Yellow-Billed Cuckoo

Yellow-Billed Cuckoo, with snack

Lots of butterflies, including this Pipevine Swallowtail:

Pipevine Swallowtail

Pipevine Swallowtail, enjoying the sun

On the Wells Lake Trail, we found this Cottontail Rabbit, very near Wells Lake.  He posed for us for quite some time.

Cottontail Rabbit

Cottontail Rabbit, near Wells Lake

Among the butterflies, we saw Hummingbird Moths.  Hard to photograph, because they never stop moving – and they move fast!  🙂

Hummingbird Moth

Hummingbird Moth at the Nature Center

Finally, as I was heading home, I saw this Scissor-Tailed Flycatcher on a high-line wire.  Technically, not at the Nature Center, but close enough to count as part of my morning adventures…

Scissortailed Flycatcher

Scissor-tailed Flycatcher, near the Nature Center

The Janet Huckabee Arkansas River Valley Nature Center is one of 4 the Arkansas Game & Fish Commission has built across the state of Arkansas.  In Western Arkansas, we are appreciative of and thankful for the facility.  As you can see, there is a large variety of fauna as well as flora to be seen here; I’ve only touched on a small portion of it.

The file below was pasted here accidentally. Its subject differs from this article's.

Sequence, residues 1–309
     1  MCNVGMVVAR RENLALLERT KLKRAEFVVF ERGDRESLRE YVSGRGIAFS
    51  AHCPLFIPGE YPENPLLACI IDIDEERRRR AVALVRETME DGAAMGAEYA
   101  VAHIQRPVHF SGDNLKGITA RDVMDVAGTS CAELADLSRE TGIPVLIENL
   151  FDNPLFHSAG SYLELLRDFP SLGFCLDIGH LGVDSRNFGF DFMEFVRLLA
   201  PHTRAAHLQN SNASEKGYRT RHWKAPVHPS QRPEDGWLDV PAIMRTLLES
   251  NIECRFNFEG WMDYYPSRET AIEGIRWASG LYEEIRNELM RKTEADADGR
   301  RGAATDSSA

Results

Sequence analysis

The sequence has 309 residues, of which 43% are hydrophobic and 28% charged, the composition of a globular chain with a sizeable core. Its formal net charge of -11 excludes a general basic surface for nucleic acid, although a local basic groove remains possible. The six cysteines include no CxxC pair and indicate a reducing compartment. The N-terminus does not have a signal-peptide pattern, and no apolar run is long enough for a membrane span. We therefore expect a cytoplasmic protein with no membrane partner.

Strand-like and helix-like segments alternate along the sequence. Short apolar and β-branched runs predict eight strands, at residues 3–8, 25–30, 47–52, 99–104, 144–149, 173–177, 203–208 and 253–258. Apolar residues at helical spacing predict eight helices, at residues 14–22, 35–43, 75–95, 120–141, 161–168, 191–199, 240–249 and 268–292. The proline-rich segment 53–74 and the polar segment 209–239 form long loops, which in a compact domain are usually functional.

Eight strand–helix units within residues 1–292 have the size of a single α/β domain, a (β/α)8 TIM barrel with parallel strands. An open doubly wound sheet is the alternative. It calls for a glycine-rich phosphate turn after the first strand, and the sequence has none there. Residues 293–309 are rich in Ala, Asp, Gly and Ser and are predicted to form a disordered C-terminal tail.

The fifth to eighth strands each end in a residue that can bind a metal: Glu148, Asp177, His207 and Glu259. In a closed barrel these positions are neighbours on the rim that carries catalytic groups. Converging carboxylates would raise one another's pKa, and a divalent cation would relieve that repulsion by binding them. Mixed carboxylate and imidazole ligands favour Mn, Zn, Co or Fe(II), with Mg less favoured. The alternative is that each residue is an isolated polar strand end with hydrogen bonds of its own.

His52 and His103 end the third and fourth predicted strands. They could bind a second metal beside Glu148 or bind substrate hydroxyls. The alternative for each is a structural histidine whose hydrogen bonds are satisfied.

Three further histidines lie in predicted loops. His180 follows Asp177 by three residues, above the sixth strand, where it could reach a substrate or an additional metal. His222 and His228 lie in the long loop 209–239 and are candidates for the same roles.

All photos were taken with a Sony Alpha 77, and a Tamron 200-500 lens.  Yes, I used a tripod, built by Manfrotto.

Also, a big thank you to my fellow photographer, Jim Nieting. Definitely a better birder than I; several he saw and identified before I knew they were around. 🙂

The Wheatfield

Most days, I drive to work via the Clayton Expressway, also known as Highway 255 truck route.  For me, it’s a relaxing drive along the Arkansas River, through rural areas of plowed fields, often planted with various crops.  I’ve seen bald eagles and red-tailed hawks, deer and coyotes.